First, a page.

International credit ratings agency Fitch Ratings said in an insight analysis on its website that it will take time to rebuild the credibility of Turkey’s monetary policy, but that the increase in Turkey's one-week repo rate and the reversion to a single policy interest rate is a step towards improving credibility.
Fıtch Ratings’ analysıs is as follows:
“The Central Bank of the Republic of Turkey (CBRT) increased the one-week repo rate by 475 bp to 15% on 19 November, bringing it into line with the average weighted cost of CBRT funding, which had steadily increased to 14.9% from a low of 7.3% in mid-July. The CBRT said all funding would now be provided through the one-week repo rate, which should make monetary policy more transparent and predictable, and strongly emphasised its commitment to tackling inflation.
We noted the possibility of an improvement in monetary policy credibility when Naci Agbal was appointed CBRT governor on 7 November. The lira has appreciated by nearly 11% since his appointment and that of Lütfi Elvan as Finance Minister.
However, it will take time for the CBRT to rebuild monetary policy credibility. This had been undermined by the extent of policy loosening earlier in the summer and the scale of CBRT FX interventions, which also suggested that the prior, long-standing commitment to a flexible exchange rate had weakened. The sacking of two CBRT governors over the last 16 months underlines the lack of independence from political pressure, and President Erdogan has continued to state his opposition to higher interest rates.
The real policy rate (using current inflation) is now 3.1%, from a low of minus 4.4% in June, above the average of the other "Fitch 10" major emerging market economies of 0.1%. Credit stimulus has also continued to slow, with aggregate lending growth of less than 10% (13-week, annualised) in early November, from a high of 45% in early July.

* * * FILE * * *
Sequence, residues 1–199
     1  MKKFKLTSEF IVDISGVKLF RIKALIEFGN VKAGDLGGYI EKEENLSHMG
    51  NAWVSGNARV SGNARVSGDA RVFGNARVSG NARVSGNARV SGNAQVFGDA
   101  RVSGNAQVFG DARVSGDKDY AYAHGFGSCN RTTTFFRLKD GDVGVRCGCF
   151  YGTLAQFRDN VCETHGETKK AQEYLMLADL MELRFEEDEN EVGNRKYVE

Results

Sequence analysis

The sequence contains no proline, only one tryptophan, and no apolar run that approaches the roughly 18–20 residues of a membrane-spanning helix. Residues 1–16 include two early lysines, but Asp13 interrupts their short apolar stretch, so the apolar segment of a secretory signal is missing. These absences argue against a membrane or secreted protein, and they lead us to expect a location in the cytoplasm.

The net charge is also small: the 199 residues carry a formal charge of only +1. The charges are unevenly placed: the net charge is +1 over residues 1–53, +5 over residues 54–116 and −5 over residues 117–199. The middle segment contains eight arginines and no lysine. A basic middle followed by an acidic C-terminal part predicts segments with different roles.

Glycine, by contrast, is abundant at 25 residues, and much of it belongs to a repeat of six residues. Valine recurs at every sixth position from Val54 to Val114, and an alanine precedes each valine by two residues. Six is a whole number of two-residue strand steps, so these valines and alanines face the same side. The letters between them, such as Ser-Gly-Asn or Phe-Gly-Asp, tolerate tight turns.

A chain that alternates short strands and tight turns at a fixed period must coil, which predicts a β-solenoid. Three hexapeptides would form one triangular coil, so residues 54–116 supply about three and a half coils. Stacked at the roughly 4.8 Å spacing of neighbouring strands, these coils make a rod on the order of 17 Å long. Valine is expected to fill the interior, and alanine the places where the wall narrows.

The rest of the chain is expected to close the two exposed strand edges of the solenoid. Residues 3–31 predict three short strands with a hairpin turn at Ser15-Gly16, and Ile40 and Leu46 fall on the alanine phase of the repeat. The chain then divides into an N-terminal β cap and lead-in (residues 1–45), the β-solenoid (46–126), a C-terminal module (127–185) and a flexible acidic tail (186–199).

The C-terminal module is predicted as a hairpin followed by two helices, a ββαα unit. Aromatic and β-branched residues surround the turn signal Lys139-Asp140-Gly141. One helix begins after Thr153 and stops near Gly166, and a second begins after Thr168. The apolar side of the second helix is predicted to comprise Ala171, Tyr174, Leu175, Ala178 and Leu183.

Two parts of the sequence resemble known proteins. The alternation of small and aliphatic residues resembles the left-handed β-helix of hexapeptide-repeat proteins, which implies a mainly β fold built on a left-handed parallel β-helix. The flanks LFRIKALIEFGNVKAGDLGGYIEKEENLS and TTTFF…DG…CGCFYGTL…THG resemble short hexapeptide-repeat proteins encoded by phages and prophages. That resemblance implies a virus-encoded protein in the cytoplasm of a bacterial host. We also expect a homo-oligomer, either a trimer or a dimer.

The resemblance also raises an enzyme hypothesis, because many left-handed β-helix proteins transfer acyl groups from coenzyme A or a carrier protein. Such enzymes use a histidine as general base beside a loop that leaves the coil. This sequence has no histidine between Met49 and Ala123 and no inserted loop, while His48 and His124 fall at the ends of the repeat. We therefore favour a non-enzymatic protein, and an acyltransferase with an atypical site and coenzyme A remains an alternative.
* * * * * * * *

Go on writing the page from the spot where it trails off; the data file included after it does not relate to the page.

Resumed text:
This policy tightening will provide some support to Turkey's external position, as well as disinflation prospects. Lira weakness had contributed to high inflation, which was 11.9% in October, and increased inflation expectations. It has also driven a steady rise in the proportion of bank deposits held in foreign currency to 57% from 50% in July. It has also led to greater holdings of gold which, alongside the collapse in tourism and higher imports due to earlier strong policy stimulus, pushed the current account into a deficit of 4.2% of projected GDP (non-annualised) in 9M20. Faster corporate sector external deleveraging (partly reflecting earlier low domestic borrowing costs) also contributed to the downward trend in FX reserves.
Gross reserves have fallen by USD 23.3 billion this year to USD 82.4 billion at 13 November and net reserves by USD 24.7 billion to USD 16.4 billion. This is despite support from a USD 44.5 billion increase in FX swaps with the CBRT to end-September (the latest available data). Net reserves minus swaps have fallen to minus USD 46.5 billion from USD 22.7 billion at end-2019, although this trend has become less negative since August. More effective monetary policy tightening, a partial recovery in tourism next year, and a reduction in CBRT FX interventions should support a stabilisation in external finances, but we do not anticipate a marked improvement in Turkey's FX reserve position in the near-term.
Similarly, Turkey has a record of high inflation, which averaged 11.7% in 2015-2020, and it is unclear how much tolerance the authorities will show for a sustained period of tighter policy settings to address this issue. September's revised New Economy Programme targets economic growth averaging 5.3% in 2021-2023, alongside a fall in inflation to 4.9% and the current account returning to balance in 2023. We believe this combination of targets is unrealistic, and it remains to be seen how policymakers will resolve the trade-offs between boosting growth and reducing external and domestic imbalances over time.”